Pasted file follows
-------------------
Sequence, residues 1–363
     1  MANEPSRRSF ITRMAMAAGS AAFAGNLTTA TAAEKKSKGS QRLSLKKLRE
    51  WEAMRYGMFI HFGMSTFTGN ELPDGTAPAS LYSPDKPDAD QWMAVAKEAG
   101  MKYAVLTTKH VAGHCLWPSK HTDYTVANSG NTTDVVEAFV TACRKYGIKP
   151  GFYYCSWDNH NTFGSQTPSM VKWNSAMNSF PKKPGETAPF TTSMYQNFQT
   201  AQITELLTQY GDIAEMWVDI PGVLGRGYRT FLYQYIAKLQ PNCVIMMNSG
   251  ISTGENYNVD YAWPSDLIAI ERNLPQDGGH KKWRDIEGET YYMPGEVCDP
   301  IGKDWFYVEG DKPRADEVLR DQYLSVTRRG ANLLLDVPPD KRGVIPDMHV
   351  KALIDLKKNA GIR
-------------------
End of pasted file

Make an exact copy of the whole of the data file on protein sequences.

Sequence, residues 1–363
     1  MANEPSRRSF ITRMAMAAGS AAFAGNLTTA TAAEKKSKGS QRLSLKKLRE
    51  WEAMRYGMFI HFGMSTFTGN ELPDGTAPAS LYSPDKPDAD QWMAVAKEAG
   101  MKYAVLTTKH VAGHCLWPSK HTDYTVANSG NTTDVVEAFV TACRKYGIKP
   151  GFYYCSWDNH NTFGSQTPSM VKWNSAMNSF PKKPGETAPF TTSMYQNFQT
   201  AQITELLTQY GDIAEMWVDI PGVLGRGYRT FLYQYIAKLQ PNCVIMMNSG
   251  ISTGENYNVD YAWPSDLIAI ERNLPQDGGH KKWRDIEGET YYMPGEVCDP
   301  IGKDWFYVEG DKPRADEVLR DQYLSVTRRG ANLLLDVPPD KRGVIPDMHV
   351  KALIDLKKNA GIR